“Failure is an orphan while success has many fathers.”
The blame for what’s happening in Afghanistan is being heaped on President Joe Biden. He has taken responsibility for it, declaring, “I am president of the United States and I accept full responsibility and stand by my decision.”
In fact, the decision to get the U.S. involved in Afghanistan was made by President George W. Bush, the promise to bring American troops home was made by President Barack Obama, and the firm commitment for U.S. withdrawal was forged with the Taliban by President Donald Trump.
It was Biden who made good on the commitment, although he delayed the actual troop pull-out by a few months.
He said that he did not want to pass on that responsibility to a fifth president. Echoing the words of President Harry Truman, Biden said, “The buck stops with me!”
Such is the price of leadership.
I recall the time we faced a financial crisis during my tenure as CEO of a Manila ad agency and we had to lay off people. None of my division managers were willing to draw up a short list of personnel who could be laid off. I had to take on the painful task of making the list and talking to each person about to face the chopping block. My division heads could disclaim responsibility. But I could not. The buck stopped with me.
For sure, during the 20 years of America’s involvement in Afghanistan, there were flawed decisions made by each president. Blame can be assigned and reasonable questions asked. But I think that the decision to withdraw U.S. troops was good for America, although we cannot close our eyes to the horrible consequences.
Critics have asked: Why did America leave with such haste and finality? Couldn’t the troop pull-out have been programmed over a longer period to give the Afghan government and the military enough time to prepare for it, to strengthen their defensive and fighting capability? And couldn’t the final withdrawal have been made contingent on ‘good behavior’ on the part of the Taliban?
The response to this is: What is “enough time”? Didn’t the Afghans have enough time to strengthen themselves over the 20 years of U.S. presence, with billions in aid and training resources, equipment and arms poured into the country?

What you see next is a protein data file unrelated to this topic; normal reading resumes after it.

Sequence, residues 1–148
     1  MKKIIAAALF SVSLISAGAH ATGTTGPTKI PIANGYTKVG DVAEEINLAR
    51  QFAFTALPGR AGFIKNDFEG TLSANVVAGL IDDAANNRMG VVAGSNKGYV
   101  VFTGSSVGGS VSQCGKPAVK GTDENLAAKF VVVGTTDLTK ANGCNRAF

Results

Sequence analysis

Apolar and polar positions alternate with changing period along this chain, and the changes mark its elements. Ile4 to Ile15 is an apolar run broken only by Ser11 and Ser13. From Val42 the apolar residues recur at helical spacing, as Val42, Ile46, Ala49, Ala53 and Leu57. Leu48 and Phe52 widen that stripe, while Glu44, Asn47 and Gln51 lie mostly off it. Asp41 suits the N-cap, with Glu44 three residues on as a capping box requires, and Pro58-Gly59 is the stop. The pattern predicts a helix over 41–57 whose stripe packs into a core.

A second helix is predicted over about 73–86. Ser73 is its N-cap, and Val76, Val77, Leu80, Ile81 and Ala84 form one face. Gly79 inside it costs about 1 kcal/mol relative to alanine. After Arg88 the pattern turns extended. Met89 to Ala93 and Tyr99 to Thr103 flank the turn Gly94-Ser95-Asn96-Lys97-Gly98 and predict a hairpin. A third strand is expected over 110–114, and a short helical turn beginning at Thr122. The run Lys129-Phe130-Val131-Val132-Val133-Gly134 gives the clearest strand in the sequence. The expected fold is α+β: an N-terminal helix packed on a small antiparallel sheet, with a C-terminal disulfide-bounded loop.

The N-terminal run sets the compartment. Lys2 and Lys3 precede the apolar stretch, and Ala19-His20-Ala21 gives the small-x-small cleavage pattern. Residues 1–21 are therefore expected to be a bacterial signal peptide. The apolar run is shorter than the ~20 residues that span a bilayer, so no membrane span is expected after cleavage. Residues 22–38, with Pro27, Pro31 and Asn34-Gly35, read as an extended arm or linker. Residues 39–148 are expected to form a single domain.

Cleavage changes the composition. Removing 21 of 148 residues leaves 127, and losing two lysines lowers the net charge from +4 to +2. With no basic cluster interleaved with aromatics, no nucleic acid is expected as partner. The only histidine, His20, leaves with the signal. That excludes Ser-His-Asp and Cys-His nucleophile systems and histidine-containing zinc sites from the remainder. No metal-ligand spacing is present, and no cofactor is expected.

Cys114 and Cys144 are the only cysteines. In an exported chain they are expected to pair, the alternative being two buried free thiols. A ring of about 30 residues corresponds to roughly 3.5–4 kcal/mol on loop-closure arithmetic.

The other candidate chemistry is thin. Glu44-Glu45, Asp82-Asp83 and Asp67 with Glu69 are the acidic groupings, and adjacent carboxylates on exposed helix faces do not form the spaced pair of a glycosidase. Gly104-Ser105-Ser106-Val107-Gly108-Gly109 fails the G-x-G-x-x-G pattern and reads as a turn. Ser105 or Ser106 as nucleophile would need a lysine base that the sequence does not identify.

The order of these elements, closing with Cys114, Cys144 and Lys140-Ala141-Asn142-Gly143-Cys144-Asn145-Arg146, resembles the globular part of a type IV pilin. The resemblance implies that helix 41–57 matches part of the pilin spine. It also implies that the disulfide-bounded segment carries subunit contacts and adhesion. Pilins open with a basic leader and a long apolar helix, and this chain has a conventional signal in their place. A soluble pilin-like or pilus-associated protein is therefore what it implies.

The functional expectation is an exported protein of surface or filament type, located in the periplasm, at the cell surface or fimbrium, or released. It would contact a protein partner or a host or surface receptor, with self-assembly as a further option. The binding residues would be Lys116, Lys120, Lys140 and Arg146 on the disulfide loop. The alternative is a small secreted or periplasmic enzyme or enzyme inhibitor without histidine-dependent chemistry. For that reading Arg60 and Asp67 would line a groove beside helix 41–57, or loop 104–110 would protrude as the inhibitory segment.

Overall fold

The Afghan military far outnumbered the Taliban, with superior fire power plus direct U.S. involvement by way of air strikes. Didn’t that give the Afghan government and the military a major advantage?
But numbers alone are only one factor for victory. Even more important is fighting spirit and the will to win — on top of a cause for which a warrior is willing to give his life.
It is said that the Afghan foot soldiers were not motivated and were, in fact, disgusted with the way their superior officers were enriching themselves on funds intended for their wages and food.
The Afghan civil government, according to senior U.S. officials, was riddled with corruption, with those in high office more concerned with preparing for a life of wealth and comfort than for the defense of their country. The fact that Afghan President Ashraf Ghani abandoned his office and his country, reportedly with plenty of cash confirms this.
It has also been reported that the Taliban softened the will of the Afghan defense forces by offering them money and the promise of leniency if they offered no resistance. This appears to be true. Afghanistan, including Kabul, was taken over by the Taliban rapidly and with minimal bloodshed.
Biden and other U.S. officials have put it bluntly: Why should American lives be put at risk for a cause that the Afghans themselves were not willing to fight for?
The lesson of Afghanistan should hold special significance for the Filipino people in the context of a possible confrontation between the U.S. and China over the West Philippine Sea/South China Sea.
Will the Pinoy soldiers still have the will to fight on if caught in a war between the two giants, America and China?
During World War II, when the Japanese overran the Philippines, Filipino and U.S. soldiers fought bravely against the enemy until Bataan fell. Thousands withstood the Death March while others fought a guerilla war.
President Manuel Quezon and Vice President Sergio Osmena escaped from Corregidor to set up a government in exile in the U.S. Gen. Douglas MacArthur also fled Corregidor but vowed to return. The Filipino guerillas provided the intelligence that facilitated MacArthur’s return.
The Filipinos fought for a cause and were willing to die for it. And for this, our warriors, living and dead, received the Congressional Gold Medal (although it took many frustrating years for this recognition, veterans’ benefits and a modest compensation to be granted — but that’s another story that needs retelling).
Fast forward to the present.
How do our fighting men feel about the seeming helplessness of President Rodrigo Duterte in the face of China’s territorial bullying?
What about reports of rampant corruption in government and among the military brass?
And what if the Chinese were to offer fat financial incentives to those concerned so that they will give up without a fight?
Like leadership, Freedom has a price to be paid. Is the Filipino willing to pay that price?
Remember the final words of our National Anthem: “Ang mamatay nang dahil sa iyo!”
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The opinions, beliefs and viewpoints expressed by the author do not necessarily reflect the opinions, beliefs and viewpoints of the Asian Journal, its management, editorial board and staff.
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